Collecting for the tissue bank — the work of two research nurses
Our labs at the GMRI rely on human tissue samples for our research projects. These samples are stored in the GMRI tissue bank, which forms a valuable and unique resource for our work. To collect the types of samples we need requires the knowledge of two research nurses. With many years of nursing experience between them, Carolyn Croasdale and Merie Claridge make up this experienced team.
Recruiting and collecting samples is a lengthy and often complicated process. And with samples arriving daily, it also works out to be a fine juggling act.
Dealing with many types of samples and many personalities
The tissue samples that Carolyn and Merie recruit consist of different types of cancer, including lung, brain, bowel, kidney, and head and neck, to name a few. They also recruit other types of samples, such as vascular birthmarks and keloid tissue. And they recruit normal tissues too, such as placenta, to use as controls (comparisons) in experiments.
In their work, the nurses interact with a wide range of people and teams: surgeons, anaesthetists, pathologists, and other theatre and hospital laboratory staff, and of course the patients who consent to providing the tissue samples.
Recruiting samples — a lengthy process
The process begins with selecting potential patients, in collaboration with surgeons at Wellington, Hutt, Wakefield, Southern Cross, and Boulcott Hospitals. Carolyn or Merie then approach the patients directly, often shortly before they go into surgery. They ask the patient for permission to take a very small piece of tissue from the specimen removed by the surgeon during surgery and not needed for diagnosis.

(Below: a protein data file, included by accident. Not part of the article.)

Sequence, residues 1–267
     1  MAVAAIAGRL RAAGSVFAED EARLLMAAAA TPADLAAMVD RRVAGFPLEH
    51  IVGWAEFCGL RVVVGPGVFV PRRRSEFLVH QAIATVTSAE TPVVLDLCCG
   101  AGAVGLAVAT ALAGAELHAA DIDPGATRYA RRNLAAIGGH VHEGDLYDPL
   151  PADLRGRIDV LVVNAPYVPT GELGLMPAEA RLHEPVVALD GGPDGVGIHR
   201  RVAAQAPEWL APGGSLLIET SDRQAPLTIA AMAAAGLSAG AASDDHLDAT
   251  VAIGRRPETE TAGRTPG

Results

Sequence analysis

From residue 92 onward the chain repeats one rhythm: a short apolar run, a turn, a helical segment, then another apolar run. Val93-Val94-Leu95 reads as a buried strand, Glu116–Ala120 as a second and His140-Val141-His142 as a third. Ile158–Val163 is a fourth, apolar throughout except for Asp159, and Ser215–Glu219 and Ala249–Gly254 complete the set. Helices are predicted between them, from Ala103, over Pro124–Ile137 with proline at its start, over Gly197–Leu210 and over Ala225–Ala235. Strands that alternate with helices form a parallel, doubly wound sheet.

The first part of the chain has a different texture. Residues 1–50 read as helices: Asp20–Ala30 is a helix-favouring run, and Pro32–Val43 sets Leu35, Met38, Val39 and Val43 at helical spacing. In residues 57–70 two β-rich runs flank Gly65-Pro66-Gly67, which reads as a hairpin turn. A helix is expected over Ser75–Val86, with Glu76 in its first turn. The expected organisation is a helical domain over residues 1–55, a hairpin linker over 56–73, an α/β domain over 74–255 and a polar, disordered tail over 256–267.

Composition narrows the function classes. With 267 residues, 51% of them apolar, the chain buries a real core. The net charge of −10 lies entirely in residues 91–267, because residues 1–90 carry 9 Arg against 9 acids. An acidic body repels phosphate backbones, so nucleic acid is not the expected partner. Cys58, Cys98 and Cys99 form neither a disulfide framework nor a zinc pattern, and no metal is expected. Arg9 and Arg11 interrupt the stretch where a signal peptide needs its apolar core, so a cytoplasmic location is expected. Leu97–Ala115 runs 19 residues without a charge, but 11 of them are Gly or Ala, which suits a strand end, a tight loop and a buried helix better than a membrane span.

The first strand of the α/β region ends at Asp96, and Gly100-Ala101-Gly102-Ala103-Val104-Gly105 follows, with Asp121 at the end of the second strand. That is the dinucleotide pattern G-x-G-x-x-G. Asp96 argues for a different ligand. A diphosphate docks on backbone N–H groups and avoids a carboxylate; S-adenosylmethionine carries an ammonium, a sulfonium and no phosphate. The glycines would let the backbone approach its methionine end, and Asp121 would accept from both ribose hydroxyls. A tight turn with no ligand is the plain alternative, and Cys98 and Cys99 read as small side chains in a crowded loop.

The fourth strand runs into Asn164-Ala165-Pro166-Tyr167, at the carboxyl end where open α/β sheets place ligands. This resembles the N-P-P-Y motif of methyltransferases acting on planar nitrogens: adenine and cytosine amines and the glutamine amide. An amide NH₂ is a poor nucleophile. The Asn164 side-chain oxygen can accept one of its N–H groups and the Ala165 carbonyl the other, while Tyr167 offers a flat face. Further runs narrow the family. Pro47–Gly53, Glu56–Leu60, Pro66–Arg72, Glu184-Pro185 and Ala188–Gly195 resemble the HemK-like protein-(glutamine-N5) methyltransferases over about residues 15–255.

Years of experience and honed instinct go into communicating well with patients at this vulnerable time. Almost every patient is happy to donate tissue, especially after Carolyn and Merie explain that doing so may help us understand their disease. People like to know that others may benefit from the research, and the nurses feel privileged to witness their generosity.
The hospital staff are equally helpful and supportive, despite their own busy schedules. Carolyn and Merie try to make things as simple as they can for the staff and acknowledge their continuing support.
After surgery, the specimen removed by the surgeon goes to the hospital laboratory. There a pathologist takes a sample, which the nurses then organise to get to the GMRI as soon as possible. At the GMRI lab, the tissue is processed and stored in the tissue bank.
Great teamwork helps to keep the motivation going
Working as a team, Merie and Carolyn bounce ideas off each other. They work in different hospitals, but always towards the same goal.
Carolyn and Merie both have children affected by cancer. And they’ve seen the importance of a different approach to treating cancer through being involved in the GMRI’s research. Dr Swee Tan’s vision of an effective, less-invasive, and low-cost treatment for cancer motivates them the most. They love being involved and contributing towards the cause. ‘There needs to be better ways to treat these conditions,’ says Carolyn.